• Scout,
      Small game is butchered similar to a chicken. Split open the breast and removes everything from the esophagus to the anus, perhaps saving the heart or liver. Unlike a chicken which you probably pluck, you should be able to peel off the skin, fur and all.

      An air rifle might scare someone away, but the problem occurs if they call your bluff. An air rifle would perhaps be better than nothing, but any small caliber firearm will generally be ineffective in incapacitating someone quickly enough. A well placed shot could kill someone, generally through loss off blood, but will most likely allow them time to inflict damage on you before their demise. Better than nothing, but definitely not a really good choice IMHO.

  18. Well ever since reading this yesterday I’ve been doing a bunch of reading on air rifles and I am definately going to get one but you know how one click leads to another. Now I’m interested in slingshots also. There are people getting 250 fps out of some of them. MD ,have you ever done any hunting for small game with a sling shot?

    • Bctruck,
      Yes. I’m a fair shot with a sling shot, but taking small game is still difficult past a few yards. A blow-gun is more accurate, for me anyway.

    • Jarhead 03 says:

      Bc, I have used a slingshot for on a rabbit but was pretty close thinking it was used to people being around since it was on a hiking trail near a local college. Like M.D. said, the blow gun works well but some states restrict them. I have to go to Arizona or Nevada for bolts and darts for them.

      • I have found a good supply of blow-gun darts from Cheaperthandirt.com and BudK.com. I found some nice stun darts, blunted ends, that worked well in keeping Woodpeckers off the house without killing them. Cold Steel makes an awesome hunting blow-gun, more expensive but for the $, silent and effective.

        • Jarhead 03 says:

          Pineslayer, thanks for the info! I love blow guns and own a few but can’t have anything shipped to my state so I guess its an out of state run.

  19. j.r. guerra in s. tx. says:

    The really great thing about air guns is hardly any restrictions on them. You want to put a rifle stock on a pistol for very compact – no can do without Fed permit, but with an air gun – no problem! Carry in vehicle – sure, why not. Non powder burning so firing within city limits – often can be done with no problems and GREAT for backyard practice.

    I wonder if while bugging out, a short air rifle makes some sense to carry. You wouldn’t be hunting large game (short on time to process large amounts of meat) but for rabbit or even ‘tweety birds’ to add to flavor on cup on stove, maybe just right.

  20. I have some Daisy 499 competition rifles, known as “the world’s most accurate BB gun”, as well as several slingshots and a blowgun; however, I had never thought of a high velocity air rifle as a survival hunting tool. This forum gives me a lot of ideas, and unfortunately helps me budget and spend a lot of money LOL. I guess I need to do some research in this area and add it to my wish list.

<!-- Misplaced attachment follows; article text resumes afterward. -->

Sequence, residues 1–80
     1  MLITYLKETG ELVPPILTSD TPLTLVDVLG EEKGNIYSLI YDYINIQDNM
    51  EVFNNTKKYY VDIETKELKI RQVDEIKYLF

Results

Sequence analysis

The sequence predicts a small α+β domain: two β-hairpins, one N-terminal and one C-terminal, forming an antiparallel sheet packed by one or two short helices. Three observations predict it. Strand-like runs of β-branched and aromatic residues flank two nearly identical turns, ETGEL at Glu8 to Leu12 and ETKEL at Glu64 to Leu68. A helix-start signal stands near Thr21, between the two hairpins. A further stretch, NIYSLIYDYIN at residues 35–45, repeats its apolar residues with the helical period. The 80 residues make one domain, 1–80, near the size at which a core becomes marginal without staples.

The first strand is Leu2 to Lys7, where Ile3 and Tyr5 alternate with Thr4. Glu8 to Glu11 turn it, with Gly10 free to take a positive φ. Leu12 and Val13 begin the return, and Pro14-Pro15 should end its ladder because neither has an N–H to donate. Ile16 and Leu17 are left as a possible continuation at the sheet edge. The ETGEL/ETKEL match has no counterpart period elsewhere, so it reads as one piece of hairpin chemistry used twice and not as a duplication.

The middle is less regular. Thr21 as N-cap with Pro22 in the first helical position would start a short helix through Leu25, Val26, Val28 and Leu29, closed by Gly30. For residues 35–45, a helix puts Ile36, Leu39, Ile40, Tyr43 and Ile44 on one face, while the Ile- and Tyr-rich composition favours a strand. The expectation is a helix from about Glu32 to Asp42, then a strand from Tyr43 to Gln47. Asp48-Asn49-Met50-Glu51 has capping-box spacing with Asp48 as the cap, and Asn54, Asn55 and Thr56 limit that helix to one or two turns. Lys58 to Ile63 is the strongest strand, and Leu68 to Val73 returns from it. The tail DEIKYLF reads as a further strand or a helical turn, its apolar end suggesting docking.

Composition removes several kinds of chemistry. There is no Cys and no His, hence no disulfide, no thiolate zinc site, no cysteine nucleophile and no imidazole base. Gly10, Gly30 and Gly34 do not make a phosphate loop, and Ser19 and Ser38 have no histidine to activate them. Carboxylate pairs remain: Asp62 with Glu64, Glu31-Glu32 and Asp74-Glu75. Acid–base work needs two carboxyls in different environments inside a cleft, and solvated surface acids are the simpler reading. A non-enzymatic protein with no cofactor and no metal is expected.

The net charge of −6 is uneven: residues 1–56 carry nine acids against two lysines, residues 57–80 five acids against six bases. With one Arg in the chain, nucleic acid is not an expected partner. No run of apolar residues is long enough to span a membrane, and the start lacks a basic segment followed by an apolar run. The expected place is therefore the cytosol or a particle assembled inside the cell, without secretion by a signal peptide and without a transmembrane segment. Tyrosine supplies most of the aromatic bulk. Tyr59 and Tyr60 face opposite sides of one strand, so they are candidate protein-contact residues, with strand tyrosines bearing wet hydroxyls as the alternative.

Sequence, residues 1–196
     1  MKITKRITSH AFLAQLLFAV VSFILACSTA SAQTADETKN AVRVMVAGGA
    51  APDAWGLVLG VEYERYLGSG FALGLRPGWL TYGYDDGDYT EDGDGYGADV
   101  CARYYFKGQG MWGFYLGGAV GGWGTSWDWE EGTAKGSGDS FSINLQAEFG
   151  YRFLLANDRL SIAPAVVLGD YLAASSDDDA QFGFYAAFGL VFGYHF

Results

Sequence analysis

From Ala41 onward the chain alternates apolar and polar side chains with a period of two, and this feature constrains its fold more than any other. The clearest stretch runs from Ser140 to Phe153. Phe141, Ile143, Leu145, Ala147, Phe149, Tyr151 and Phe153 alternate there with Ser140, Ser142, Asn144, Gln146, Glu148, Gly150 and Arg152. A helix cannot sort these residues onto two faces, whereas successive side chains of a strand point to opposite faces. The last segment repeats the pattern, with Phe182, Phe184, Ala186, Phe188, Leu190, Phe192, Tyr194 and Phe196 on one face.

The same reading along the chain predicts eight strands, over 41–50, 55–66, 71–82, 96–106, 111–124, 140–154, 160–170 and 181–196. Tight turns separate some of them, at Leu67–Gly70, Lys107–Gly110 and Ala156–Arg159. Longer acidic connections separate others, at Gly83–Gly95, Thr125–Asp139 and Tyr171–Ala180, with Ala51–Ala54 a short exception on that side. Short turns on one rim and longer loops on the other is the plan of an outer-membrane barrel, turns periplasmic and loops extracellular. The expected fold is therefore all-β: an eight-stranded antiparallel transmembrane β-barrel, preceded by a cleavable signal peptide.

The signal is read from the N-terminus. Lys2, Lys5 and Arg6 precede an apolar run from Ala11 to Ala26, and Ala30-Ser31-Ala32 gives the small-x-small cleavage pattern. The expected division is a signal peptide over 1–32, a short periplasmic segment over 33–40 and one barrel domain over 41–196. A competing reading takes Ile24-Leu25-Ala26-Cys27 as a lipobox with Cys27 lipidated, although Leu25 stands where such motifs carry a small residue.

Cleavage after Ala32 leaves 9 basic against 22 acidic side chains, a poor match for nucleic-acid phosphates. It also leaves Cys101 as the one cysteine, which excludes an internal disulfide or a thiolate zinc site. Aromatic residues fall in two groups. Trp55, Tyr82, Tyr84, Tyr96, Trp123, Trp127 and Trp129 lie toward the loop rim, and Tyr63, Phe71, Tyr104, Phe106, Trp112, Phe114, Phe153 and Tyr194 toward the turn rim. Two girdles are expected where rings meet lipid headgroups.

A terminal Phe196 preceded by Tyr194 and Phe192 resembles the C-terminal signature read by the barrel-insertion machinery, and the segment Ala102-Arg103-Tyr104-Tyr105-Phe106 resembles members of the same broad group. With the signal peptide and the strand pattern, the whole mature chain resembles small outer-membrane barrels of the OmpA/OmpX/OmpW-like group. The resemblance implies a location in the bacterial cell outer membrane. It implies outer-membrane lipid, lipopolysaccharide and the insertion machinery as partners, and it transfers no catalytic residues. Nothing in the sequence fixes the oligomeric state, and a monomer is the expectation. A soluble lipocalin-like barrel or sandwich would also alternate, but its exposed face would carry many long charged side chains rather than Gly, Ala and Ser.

21. Richard H says:

    I have a personal preference towards the smaller and lighter 177 caliber of air rifles. This does come with some trade offs but in my opinion is well worth it.
    Pros-much less bullet drop over distances(high velocity-low surface area)
    greater penetration, lower weight of ammunition (about half as much) cheaper ammunition (obviously),
    Cons- Higher velocity means louder and while they are still much quieter than normal firearms I would deeply suggest a nitro piston for 177 rifles. Also they can over penetrate a target if it’s very small.

  22. Dan in Oklahoma says:

    I own one and it is good for silent creeping and stalking. as long as your ten yards for a good shot.

  23. I have a Crossman 760 pump master and it has taken birds and squirrels. It has the “iron” fiber optic sights on the barrel but, a scope is the best way to shoot straight.

    Btw, I hope Benjamin lets you review their .357 sized air rifle. I would like to hear about the electronic trigger adjustment. Want to see more of the Benjamin Rogue? Type “357 air rifle” into Cabala’s search box. The “air” rifle is $1299.99 and the high pressure tire pump is $199.99. There is a high pressure (4,500psi) tank that is carbon wrapped. The “bullets” are 90 grain HP, 145gr. w/ballistic tip and 175gr round nose.

    If anything, this is the air rifle I am considering.

  24. Why was that Crossman Nitro piston poor as compared to the Beeman?
    Don’t they come off the same assembly line?
    Was there something loose with your scope mounts or whatever.
    I locktite my scope mounts to the rail to avoid shift.
    I also give the barrel a good “Flitz Polishing” before initial shooting.
    I never use a brass brush in a 22 barrel. However, if I had to it would be in one direction only from rear to front.
    Also It is a good idea to stand the rifle on its muzzle and brush so that the Flitz polish only goes as far as the muzzle and does not actually exit from the muzzle. Any wear around the muzzle will destroy accuracy and will require a recrown of the muzzle.
    Jim